Nevertheless, Judge Tevrizian decided Speno's and Cohen's motions on the merits. In so doing, he dismissed four of Estrada's claims — negligence, negligent misrepresentation, fraud, and breach of fiduciary duty — because the doctrine of unclean hands precluded Estrada from recovering compensatory or punitive damages from Speno and Cohen. See Blain v. The Doctor's Co., 222 Cal.App.3d 1048, 272 Cal. Rptr. 250 (1990); Feld and Sons, Inc. v. Pechner, Dorfman, Wolfee, Rounick, and Cabot, 312 Pa.Super. 125, 458 A.2d 545 (1983). However, Judge Tevrizian granted Estrada leave to file an amended complaint seeking only restitution for the fees paid to Speno and Cohen. Finally, Judge Tevrizian denied Speno's and Cohen's motion for summary judgment.

Following Judge Tevrizian's order, Estrada filed his amended complaint seeking restitution on December 17, 1998. Speno and Cohen moved to dismiss Estrada's amended complaint claiming insufficient service of process. The court set their motion to dismiss for hearing on February 22, 1999. For the second time, Speno and Cohen failed to appear to argue their own motion. Judge Tevrizian denied the motion to dismiss, and admonished Speno and Cohen that if they "fail to personally attend future regularly scheduled court proceedings, their responsive pleadings will be struck and a default will be entered against them. . . ."

In the meantime, Estrada sought to depose Speno. He served Speno with a formal notice identifying the date, time, and place (Los Angeles) for a scheduled deposition. Speno neither objected to the deposition nor sought a protective order. However, when Estrada, his lawyer, and a shorthand reporter went to the designated place for the deposition, Speno never showed up. Speno admits that she received Estrada's notice, but simply "disregarded" it because she did not consider Los Angeles an appropriate venue for the deposition.

Estrada filed a motion to compel Speno to submit to a deposition and for sanctions. Pursuant to local court rules, the court ordered the parties to "meet and confer" regarding the motion to compel. See LOCAL RULES OF THE UNITED STATES DISTRICT COURT FOR THE CENTRAL DISTRICT OF CALIFORNIA ("Local Rules"), Rule 7.15.1 ("Prior to the filing of any motion relating to discovery pursuant to F.R.Civ.P. 26-37, counsel for the parties shall confer in a good faith effort to eliminate the necessity for hearing the motion or to eliminate as many of the disputes as possible."). Estrada sent Speno a letter in an effort to "meet and confer," suggesting several dates and times to reschedule a deposition. Speno did not respond to the letter in any way. Estrada went back to the district court and explained the situation. The court set a briefing schedule and an April 30, 1999 hearing date. Speno and Cohen filed motions opposing Estrada's motion to compel, but when the time came for the hearing, neither Speno nor Cohen, nor anyone on their behalf appeared. Magistrate Judge Ann I. Jones ("Magistrate Judge Jones") noting that "defendants' improper conduct has already delayed the taking of [Speno's] deposition by over two months," granted Estrada's motion to compel and ordered Speno to submit to a deposition within thirty days. Further, Magistrate Judge Jones assessed a $1,420.95 sanction because Speno's failure to appear at the properly scheduled deposition was "without substantial justification." Finally, Magistrate Judge Jones observed that even though Judge Tevrizian already had instructed Speno and Cohen to personally attend court proceedings, they failed to appear at the hearing for the motion to compel.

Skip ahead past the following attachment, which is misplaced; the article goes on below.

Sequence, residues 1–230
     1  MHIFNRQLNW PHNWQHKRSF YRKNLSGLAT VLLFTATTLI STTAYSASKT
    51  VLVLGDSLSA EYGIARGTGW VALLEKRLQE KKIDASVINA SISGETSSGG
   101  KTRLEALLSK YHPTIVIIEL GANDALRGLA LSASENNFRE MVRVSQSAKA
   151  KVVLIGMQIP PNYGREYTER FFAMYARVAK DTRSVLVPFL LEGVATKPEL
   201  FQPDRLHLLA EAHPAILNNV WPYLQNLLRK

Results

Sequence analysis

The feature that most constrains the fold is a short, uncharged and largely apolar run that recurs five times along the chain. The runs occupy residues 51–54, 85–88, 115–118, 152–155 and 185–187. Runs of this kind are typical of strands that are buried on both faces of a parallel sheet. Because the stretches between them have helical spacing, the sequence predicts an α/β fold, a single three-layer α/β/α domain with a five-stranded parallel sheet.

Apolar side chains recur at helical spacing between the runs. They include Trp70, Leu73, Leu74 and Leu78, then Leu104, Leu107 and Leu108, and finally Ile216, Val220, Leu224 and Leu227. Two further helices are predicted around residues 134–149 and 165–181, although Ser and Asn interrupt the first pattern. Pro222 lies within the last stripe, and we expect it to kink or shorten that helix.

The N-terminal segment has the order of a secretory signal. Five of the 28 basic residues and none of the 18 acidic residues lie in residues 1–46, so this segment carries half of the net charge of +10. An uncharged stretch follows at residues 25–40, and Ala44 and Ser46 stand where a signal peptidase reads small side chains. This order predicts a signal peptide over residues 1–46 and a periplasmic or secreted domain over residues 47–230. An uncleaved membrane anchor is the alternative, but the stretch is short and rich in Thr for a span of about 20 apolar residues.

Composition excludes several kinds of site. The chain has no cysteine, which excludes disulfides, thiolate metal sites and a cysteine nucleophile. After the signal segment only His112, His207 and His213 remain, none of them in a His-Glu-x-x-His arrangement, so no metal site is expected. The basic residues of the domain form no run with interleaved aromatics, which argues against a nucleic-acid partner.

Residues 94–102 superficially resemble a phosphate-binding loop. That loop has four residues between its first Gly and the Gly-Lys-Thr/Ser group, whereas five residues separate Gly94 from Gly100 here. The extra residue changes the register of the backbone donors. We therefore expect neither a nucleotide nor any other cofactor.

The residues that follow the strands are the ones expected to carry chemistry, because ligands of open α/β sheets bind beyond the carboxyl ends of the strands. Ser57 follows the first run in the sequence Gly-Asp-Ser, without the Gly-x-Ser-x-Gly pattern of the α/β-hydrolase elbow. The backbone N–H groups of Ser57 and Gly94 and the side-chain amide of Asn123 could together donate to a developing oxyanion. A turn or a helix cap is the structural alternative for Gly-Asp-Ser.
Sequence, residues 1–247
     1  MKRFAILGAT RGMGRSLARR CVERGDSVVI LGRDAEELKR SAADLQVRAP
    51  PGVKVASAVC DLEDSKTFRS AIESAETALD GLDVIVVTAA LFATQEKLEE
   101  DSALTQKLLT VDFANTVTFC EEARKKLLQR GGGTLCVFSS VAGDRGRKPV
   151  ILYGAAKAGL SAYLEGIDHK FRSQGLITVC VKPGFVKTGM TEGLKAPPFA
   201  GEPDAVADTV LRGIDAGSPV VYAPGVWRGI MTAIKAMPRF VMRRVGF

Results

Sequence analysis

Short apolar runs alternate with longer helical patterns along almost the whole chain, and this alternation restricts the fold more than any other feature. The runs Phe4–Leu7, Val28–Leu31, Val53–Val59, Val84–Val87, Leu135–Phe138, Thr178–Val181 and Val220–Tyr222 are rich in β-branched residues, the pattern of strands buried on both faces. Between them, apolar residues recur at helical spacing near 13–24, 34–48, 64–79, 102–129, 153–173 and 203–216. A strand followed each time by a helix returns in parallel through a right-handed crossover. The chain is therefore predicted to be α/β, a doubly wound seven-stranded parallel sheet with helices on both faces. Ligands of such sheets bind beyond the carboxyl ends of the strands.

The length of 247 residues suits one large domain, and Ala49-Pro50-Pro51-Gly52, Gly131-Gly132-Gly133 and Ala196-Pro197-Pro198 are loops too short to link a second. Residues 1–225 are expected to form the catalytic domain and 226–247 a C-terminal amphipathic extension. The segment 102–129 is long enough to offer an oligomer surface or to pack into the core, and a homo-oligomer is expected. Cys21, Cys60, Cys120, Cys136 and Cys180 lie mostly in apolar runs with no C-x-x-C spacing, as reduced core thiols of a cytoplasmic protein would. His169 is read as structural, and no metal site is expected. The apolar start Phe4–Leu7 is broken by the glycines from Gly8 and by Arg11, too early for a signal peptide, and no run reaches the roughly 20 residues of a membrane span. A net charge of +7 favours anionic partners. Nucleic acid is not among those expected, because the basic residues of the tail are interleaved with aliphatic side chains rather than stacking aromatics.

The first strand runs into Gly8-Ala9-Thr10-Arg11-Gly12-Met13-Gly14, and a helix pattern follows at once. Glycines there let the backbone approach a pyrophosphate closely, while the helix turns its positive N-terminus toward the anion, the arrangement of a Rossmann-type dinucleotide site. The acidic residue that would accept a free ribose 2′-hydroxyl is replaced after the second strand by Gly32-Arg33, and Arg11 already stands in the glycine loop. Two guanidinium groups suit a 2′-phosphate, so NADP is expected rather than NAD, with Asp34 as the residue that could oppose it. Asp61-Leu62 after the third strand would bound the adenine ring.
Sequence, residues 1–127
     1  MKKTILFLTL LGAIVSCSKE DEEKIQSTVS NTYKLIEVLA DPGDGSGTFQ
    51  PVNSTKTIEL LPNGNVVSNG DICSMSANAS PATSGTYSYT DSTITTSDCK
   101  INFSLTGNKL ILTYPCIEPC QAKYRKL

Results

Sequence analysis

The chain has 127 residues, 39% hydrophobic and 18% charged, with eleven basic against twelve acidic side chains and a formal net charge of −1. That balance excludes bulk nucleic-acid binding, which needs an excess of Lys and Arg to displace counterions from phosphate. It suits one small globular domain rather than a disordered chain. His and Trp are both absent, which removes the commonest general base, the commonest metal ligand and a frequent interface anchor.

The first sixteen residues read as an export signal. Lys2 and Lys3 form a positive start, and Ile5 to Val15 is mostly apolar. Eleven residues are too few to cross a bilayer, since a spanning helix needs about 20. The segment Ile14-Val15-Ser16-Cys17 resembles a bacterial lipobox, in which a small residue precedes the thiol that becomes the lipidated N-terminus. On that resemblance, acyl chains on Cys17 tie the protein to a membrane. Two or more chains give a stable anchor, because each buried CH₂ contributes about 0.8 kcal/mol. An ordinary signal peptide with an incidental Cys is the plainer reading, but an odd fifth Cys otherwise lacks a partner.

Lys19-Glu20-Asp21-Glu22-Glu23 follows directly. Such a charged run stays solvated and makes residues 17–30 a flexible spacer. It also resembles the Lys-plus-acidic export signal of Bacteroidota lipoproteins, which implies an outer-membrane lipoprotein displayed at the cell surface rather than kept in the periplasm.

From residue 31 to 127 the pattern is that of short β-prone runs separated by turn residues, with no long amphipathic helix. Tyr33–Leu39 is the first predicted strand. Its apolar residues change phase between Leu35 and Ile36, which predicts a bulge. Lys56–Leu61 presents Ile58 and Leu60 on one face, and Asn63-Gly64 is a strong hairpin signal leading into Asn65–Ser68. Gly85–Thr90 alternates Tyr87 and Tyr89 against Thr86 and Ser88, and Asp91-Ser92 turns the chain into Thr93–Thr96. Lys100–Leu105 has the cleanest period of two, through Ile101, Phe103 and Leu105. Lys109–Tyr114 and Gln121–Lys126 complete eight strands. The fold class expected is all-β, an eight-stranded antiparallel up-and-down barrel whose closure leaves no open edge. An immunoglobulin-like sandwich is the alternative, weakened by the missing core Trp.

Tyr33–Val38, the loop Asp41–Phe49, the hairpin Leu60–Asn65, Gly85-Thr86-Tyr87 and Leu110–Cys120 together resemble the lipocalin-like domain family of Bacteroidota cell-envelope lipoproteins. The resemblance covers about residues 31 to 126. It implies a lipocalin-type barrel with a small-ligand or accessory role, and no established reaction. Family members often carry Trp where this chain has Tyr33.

Speno and Cohen paid the sanction, but Speno did not submit to a deposition within thirty days; in fact, she has never submitted to a deposition. Instead, on May 3, 1999, only a few days after being ordered to testify at a deposition, Speno and Cohen filed a second motion for summary judgment. Judge Tevrizian set the motion hearing for May 24, 1999. On May 19, 1999, attorney Patrick Thistle filed a notice of association of counsel, seeking to represent Speno and Cohen. Thistle, of course, was the same attorney Speno and Cohen had previously hired to defend Estrada against Norwest's fraud action. Pointing out the obvious potential conflict of interest, Estrada filed a formal objection to Thistle's association. Judge Tevrizian had his clerk telephone Speno and Cohen to inform them of the possible conflict and to order them to personally appear at the May 24th hearing. The clerk was unable to reach Speno or Cohen personally, but left the following message on their answering machine:

Mrs. Speno, this is . . . Judge Tevrizian's clerk. I'm calling on Thursday at 11:30 Los Angeles time. The judge is ordering both you and Mr. Cohen to be in court on Monday. There is a problem with your local counsel. In the documents that had been previously filed, we noted that Mr. Thistle previously represented Douglas Estrada and there is a possible conflict so he wants you and Mr. Cohen in court on Monday — that's May 24th at 10 o'clock and could you please call me to confirm that you got this message and you will be there. Otherwise, there will be some problems if you are not present. I'm at [phone number]. I want you to call and confirm that you will be in court on Monday and the judge did mention if you were not there he may have to send out a U.S. Marshal. So please call me to confirm that you got this message. Bye.